"Personally, I'm really into melody. It comes from the fact that the vocals are not melodic - the music carries the melodies. The vocals at the end of the day... well, they're not Geoff Tate."
Funnily enough, that was one of the questions I was going to pose: has more of an emphasis been placed on melody?
"Oh yeah, definitely," Jeff says emphatically. "We want really strong hooks and good catchy, killer riffs. I think all the new stuff, it's not like we sat down and cynically designed the music to reach more people. The leads are really catchy, and everything's got to be memorable. I don't see the point in making stuff that sounds like a washing machine on full cycle.
"At the same time, though," he says, taking another tangent, "as soon as I start thinking maybe it's a bit more accessible, I slap my face and come back to reality, and realise that to a lot of people it's gonna go over their heads. I'd like to think it's more accessible - it is to me within the way I view our music. At the same time I still think it's never gonna appeal to an Aerosmith fan or whatever, so we're not gonna lose our sense of reality in that sense. But yeah, I think the song structures are a hell of a lot more conventional than some of the other stuff. Then again, there's tracks on our last album which are kind of similar to what we've gone for this time - songs like Corporeal Jigsore..., which worked really well live and are more straight ahead. We've tried to cut down on the complex time changes, songs that kind of rock on 11."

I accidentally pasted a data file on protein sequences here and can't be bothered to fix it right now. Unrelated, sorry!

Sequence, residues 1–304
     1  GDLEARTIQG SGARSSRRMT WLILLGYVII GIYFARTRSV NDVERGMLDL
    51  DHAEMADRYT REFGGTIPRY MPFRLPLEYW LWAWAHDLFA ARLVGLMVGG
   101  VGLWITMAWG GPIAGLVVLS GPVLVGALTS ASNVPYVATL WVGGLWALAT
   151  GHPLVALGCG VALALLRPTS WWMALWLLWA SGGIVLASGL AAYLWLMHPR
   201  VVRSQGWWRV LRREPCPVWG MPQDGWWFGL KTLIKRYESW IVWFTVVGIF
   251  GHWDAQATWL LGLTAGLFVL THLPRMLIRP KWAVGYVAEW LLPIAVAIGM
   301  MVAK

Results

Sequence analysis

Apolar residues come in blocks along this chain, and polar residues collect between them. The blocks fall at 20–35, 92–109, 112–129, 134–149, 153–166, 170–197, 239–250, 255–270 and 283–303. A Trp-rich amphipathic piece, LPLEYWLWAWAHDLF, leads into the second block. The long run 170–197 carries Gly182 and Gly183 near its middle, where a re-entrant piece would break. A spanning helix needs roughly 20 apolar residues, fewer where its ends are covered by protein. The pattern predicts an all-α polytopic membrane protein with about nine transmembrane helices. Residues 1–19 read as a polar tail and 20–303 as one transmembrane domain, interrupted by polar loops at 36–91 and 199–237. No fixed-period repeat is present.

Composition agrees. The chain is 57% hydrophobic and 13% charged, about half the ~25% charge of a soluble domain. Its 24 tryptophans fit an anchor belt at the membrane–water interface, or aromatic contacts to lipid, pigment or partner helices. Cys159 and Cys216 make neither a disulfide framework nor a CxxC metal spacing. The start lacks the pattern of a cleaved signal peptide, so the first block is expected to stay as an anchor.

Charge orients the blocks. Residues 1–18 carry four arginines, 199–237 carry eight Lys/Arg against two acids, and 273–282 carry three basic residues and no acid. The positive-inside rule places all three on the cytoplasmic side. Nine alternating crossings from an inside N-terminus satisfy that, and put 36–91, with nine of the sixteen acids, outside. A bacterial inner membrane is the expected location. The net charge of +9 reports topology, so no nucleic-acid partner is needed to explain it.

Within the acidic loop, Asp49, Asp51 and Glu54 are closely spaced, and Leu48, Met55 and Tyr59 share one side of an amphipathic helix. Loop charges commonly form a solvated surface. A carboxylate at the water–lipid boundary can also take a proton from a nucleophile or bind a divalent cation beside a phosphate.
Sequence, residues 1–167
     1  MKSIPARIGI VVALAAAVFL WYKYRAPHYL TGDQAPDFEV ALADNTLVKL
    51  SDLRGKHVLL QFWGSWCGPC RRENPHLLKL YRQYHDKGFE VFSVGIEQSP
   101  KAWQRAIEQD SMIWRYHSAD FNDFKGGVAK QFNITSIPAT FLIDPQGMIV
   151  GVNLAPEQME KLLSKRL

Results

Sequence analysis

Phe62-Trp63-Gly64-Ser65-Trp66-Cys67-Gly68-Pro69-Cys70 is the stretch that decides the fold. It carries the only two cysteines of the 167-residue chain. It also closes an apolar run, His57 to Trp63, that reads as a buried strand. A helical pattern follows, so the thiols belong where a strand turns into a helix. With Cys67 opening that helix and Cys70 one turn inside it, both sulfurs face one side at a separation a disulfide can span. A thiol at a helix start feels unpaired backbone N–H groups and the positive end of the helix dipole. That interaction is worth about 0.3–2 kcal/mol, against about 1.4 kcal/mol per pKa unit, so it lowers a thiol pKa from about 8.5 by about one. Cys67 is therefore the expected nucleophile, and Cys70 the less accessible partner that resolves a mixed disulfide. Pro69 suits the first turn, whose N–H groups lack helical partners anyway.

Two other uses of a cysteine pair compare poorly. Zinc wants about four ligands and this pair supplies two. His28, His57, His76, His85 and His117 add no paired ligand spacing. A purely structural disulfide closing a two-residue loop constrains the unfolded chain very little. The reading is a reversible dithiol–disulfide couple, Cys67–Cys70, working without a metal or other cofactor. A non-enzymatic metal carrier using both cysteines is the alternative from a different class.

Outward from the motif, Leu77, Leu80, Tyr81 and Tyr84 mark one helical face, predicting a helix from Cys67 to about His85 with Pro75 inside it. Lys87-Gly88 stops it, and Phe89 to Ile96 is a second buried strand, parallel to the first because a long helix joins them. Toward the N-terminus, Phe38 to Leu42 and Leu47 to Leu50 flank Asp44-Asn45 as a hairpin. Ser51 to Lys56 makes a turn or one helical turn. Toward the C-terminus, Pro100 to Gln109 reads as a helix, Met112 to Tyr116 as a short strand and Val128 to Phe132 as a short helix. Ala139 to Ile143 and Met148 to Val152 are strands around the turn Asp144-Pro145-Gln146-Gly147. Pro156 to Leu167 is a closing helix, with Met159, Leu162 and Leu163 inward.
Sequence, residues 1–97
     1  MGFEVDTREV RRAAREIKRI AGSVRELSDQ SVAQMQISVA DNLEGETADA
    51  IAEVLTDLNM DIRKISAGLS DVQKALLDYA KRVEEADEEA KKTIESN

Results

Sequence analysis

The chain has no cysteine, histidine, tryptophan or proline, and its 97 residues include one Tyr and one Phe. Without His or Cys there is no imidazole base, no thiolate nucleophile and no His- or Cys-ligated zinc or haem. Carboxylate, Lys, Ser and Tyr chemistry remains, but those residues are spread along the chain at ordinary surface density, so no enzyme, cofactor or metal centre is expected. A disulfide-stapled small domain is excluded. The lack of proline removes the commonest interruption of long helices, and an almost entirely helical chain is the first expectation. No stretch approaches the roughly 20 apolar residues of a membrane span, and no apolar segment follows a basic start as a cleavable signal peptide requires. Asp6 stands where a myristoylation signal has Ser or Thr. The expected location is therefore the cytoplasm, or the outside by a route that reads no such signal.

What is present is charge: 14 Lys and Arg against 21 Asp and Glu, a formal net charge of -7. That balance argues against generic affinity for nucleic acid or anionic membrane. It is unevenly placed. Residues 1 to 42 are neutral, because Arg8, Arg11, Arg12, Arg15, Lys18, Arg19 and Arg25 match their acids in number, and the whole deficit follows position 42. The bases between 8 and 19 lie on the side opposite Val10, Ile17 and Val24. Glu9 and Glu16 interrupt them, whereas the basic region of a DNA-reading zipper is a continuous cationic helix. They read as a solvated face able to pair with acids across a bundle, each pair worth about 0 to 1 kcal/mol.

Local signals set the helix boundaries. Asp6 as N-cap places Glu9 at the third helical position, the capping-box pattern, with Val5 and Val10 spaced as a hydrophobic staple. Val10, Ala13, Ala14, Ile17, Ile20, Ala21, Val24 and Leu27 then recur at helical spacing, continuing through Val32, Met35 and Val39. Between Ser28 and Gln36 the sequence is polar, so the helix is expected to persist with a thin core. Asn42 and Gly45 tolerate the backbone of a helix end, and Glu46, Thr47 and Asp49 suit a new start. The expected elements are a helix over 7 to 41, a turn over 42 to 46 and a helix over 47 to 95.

During the course of our conversation, Jeff steers very clear of the term brutal - even admitting it's a word he hates. Ironic really, because Carcass are one of the few bands currently truly worthy of the term.
"There's nothing really wrong with the term - our album is still brutal and ferocious, but at the same time we want a bit of quality in there, and stuff we know is gonna appeal to a rock fan and not only a 15 year old who just sits in his room all day and wants to hear a noise. We want to broaden our horizons. At the end of the day I'm 24 and any input I have in this band is going to be aimed at myself. I'm 24, so we've moved on six years down the line - if you still wanna hear that stuff, our first album is pretty primitive and completely horrible. We don't see the point of churning out the same album."